California Governor Gavin Newson recently signed the Crown Act into law, making California the first state in the United States to specifically prohibit employers and school officials from discriminating against people based on their natural hair.
To our legal clients, our PEO partners, our HCM partners, and our followers via our Weekly Legal Brief, social media posts, and free website of forms, FAQ’s, etc. at www.myhrcounselcompliance.com – you no doubt have seen our warnings about the many non-legal “compliance” solutions in the market claiming that “claim” to provide employers with equivalent legal information and protection for HR/employment “compliance” issues.
Staffing agencies jump through hoops to provide their clients with the best, most qualified candidates and stay competitive. Background checks and drug tests are often essential, and expensive. These screening tools assure staffing agencies that their candidates are appropriate for placement, but what should staffing agencies do when the client demands more than just a certification of the candidate’s qualifications?
Employers have long been aware of laws prohibiting sexual harassment and discrimination and harassment on the basis of sex, race, religion, disability, national origin, and other protected characteristics. But what about uncivil or intimidating behavior unrelated to protected class status? Many employees complain to employers about coworkers creating “toxic” work environments, but the offending behavior falls outside of the umbrella of state and federal harassment and discrimination laws. How should employers handle these situations?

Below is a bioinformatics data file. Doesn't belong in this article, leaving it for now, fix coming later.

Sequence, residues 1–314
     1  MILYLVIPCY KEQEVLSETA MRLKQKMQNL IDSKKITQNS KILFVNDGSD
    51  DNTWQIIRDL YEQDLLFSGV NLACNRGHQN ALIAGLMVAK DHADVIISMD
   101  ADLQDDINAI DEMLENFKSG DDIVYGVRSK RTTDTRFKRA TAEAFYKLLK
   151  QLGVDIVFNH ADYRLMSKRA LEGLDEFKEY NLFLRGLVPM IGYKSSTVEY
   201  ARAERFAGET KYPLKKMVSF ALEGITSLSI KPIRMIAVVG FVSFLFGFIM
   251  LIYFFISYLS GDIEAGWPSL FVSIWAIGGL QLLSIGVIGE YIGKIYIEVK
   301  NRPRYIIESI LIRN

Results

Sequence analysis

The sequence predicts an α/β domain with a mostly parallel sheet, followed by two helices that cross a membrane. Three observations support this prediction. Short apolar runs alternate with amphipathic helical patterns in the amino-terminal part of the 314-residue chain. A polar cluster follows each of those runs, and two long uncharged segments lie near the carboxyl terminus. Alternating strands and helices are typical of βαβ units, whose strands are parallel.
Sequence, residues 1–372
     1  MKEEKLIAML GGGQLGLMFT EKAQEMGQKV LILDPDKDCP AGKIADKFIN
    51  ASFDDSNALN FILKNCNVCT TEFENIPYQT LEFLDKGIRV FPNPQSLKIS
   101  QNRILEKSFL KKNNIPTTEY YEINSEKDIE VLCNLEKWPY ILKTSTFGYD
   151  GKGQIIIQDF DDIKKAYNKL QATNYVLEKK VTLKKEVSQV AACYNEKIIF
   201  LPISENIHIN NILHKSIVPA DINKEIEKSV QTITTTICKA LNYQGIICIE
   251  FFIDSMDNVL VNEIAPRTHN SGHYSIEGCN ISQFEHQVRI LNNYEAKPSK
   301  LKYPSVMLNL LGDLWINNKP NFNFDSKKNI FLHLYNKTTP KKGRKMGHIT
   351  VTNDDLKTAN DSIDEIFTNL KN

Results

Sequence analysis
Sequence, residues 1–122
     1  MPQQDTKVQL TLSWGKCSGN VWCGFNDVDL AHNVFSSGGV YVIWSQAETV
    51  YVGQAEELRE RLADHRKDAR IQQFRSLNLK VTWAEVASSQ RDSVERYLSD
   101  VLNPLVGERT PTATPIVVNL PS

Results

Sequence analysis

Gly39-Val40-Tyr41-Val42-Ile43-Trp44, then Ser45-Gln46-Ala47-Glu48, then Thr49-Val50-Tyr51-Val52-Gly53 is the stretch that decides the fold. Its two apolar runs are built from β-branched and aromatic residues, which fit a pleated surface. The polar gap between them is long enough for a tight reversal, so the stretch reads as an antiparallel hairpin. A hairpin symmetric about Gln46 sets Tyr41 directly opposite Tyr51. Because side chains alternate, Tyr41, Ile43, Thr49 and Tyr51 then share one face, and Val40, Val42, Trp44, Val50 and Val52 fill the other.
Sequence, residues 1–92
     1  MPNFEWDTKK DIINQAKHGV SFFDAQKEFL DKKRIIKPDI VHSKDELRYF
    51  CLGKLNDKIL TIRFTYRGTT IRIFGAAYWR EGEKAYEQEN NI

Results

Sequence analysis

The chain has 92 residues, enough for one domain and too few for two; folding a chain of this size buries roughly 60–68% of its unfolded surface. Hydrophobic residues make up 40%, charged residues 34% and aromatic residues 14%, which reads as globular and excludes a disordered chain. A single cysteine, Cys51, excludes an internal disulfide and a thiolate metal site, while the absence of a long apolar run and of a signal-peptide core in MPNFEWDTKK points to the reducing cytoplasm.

Connecticut Governor Ned Lamont has promised to sign a bill that has been passed by the State Legislature, which will provide up to 12 weeks of paid family and medical leave for workers in the state. This leave law will allow workers in the state 12 weeks paid leave to care for a new child, a sick family member, or a personal illness.
On Tuesday May 28th, Maine Governor Janet Mills signed into law “An Act Authorizing Employee Leave,” (“the Act”). This new law will provide eligible employees with the ability to accrue up to 40 hours of paid personal leave per year. Unlike other paid leave laws around the country, Maine’s will be the first to allow the employees to use the paid leave for any purpose, including non-medical or personal reasons.
On May 9, 2019, Washington governor Jay Inslee signed House Bill 1696, “an act relating to wage and salary information,” adding sections to the existing Equal Pay Act, as amended by the Equal Pay Opportunity Act. The new sections, which will take effect on July 28, 2019, are intended to promote equal pay by limiting inquiries into salary history and requiring wage scale transparency. Starting July 28, 2019, employers with 15 or more employees are:
Even though the Affordable Care Act (“ACA”) employer reporting deadlines for tax year 2018 are behind us, the work with the ACA never stops. Several years into the reporting process, the IRS is still reviewing employer submissions from 2015 and 2016, and is still sending 226J penalty letters. Employers can receive a penalty letter if their submission to the IRS shows (a) a less than 95% offer of coverage rate, or (b) that a specific employee was not offered compliant coverage.